# 6. Blogging is very much like publishing a literary short story or book— it goes out into the world to an opaque response.
We might scare up some numbers, say, as how many people clicked on a blog post and at what time of day via which search engine, or how many bookstores ordered how many copies of a book. But even with endless hours of crunching through, say, Google Analytics, we may never know, the reaction of every single reader. All of us read thousands of things we never comment on, dozens and dozens of books we will never review—though some of them may prove deeply meaningful to us in the course of our lives. As anyone who has published a blog or a book knows, sometimes the silence can be downright eerie. So if you want to write a book or a blog post, it helps to have the tough-mindedness to accept that maybe... you will never know the true, full nature of the response. Maybe the person who will most appreciate a given blog post has not yet been born. Or maybe my best blog post will find its biggest fan next week. Maybe what I said yesterday changed someone's life today in... Australia. I don't know. And that's OK. I write anyway. That is the kind of writer I am.

# 7. More on the plus side: sharing what I call cyberflanerie and celebrating friends and colleagues and books and all wonder of things is a delight.
(In the olden days, we would take scissors and cut things out of magazines and end up with overstuffed files full of yellowing papers. Difficult to share.)

# 8. Madam Mayo is not so much my so-called "platform," but rather, a net that catches certain special fish— the readers who care about the things I care to write about.
(And this is especially true for my other blogs, Maximilian-Carlota and Reading Tolstoy's War and Peace.)

This last conclusion is the one that took me the longest to reach. It seems obvious to me now, and it probably will for you also, but back when blogs were new it was difficult to appreciate both their nature and their potential. I think most people started out thinking of them as a simple diary—a web log— which is how we got the term "blog." The idea, supposedly, was to talk about yourself, frequently. I know it turned off a lot of writers at the time. I had zero interest in blogging about my life.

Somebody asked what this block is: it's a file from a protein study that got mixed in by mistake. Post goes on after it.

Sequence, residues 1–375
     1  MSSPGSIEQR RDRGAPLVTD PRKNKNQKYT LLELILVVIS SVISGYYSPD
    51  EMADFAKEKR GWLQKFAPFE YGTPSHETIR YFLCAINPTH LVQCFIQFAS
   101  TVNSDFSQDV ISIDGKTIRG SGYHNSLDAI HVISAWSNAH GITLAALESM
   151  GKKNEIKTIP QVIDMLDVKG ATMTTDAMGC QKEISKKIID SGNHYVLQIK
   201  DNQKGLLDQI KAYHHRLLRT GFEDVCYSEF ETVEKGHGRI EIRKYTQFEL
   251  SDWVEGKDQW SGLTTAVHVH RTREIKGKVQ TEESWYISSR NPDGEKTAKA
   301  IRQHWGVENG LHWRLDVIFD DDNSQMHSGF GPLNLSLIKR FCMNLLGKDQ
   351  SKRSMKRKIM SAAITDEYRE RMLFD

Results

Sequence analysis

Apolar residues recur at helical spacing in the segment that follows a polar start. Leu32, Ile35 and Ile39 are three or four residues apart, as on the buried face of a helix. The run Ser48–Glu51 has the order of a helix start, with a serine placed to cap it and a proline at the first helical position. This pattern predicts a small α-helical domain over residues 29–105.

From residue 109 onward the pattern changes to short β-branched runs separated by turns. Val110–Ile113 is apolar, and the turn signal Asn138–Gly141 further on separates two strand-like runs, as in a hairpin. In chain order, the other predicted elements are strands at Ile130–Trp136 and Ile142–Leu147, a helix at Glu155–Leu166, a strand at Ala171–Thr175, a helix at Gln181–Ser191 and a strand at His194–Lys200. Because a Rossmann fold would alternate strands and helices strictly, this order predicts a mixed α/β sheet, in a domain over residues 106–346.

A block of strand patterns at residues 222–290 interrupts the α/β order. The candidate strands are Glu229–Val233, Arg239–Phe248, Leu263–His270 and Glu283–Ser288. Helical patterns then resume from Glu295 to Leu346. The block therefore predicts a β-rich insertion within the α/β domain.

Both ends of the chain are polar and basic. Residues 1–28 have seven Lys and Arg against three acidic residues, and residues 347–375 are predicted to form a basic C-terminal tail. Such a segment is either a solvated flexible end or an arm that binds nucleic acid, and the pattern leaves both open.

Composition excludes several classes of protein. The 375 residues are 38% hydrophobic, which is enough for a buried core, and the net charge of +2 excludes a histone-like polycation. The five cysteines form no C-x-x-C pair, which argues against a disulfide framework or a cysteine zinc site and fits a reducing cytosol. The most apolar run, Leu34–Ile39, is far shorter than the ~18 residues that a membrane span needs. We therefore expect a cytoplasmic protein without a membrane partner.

Another way writers thought about them— and at first I had a foot in this camp— was as a digital newspaper column. If you were good, if you put out well-crafted and witty and super informative posts, you'd get readers. You'd be famous! You could sell more of your books! Wow, maybe even sell ads and ka-ching, ka-ching! But of course, anybody can start a blog. The gates blown open, suddenly, there popped up a million wonderful and a zillion crappy blogs, and everything in between, all muddled up together, hay, needles, kitchen sinks, elderly lama. Back in 2007, 2008, most serious writers I knew turned their noses up at blogging, as something for wannabes, for kids. But by 2009, 2010, those same writers, nagged by their publishers' marketing staffs, I suppose, had started blogging to promote their books. (From what I can see from all those blogs that petered out once the book tour was over, or sometimes not even halfway through, if marketing a book is the only goal, one is unlikely to be able to sustain the energy to keep at it for more than a few months, at best.)

But here's the thing: The diary and the newspaper column of yore were not searchable the way digital material is. The diary was tucked in someone's drawer; the newspaper, after a day, lined the bottom of the proverbial parrot cage. OK, a very few people might go search things cataloged in a library. And a collection of newspaper articles might end up in a book one day. But basically, massive an audience as some newspapers columnists enjoyed, before the digital revolution, their writing was ephemeral.

A blog, however, can be found at anytime by anyone anywhere (OK, maybe not in Burma). As people search for words, phrases, topics, names, and come upon Madam Mayo, and its many blog posts with many links to whatever interests me and all about my works, books, ebooks, podcasts, articles, newsletter, and so on and so forth, it serves as a kind of net that catches a certain kind of fish. Over time, as I continue to blog, to add tags and links, my fishnet grows. So now, after 8 years, I have a very big fishnet. And some very nice fish have come in. Though I don't know who you all are, I sincerely appreciate you, dear readers. Cheers to you!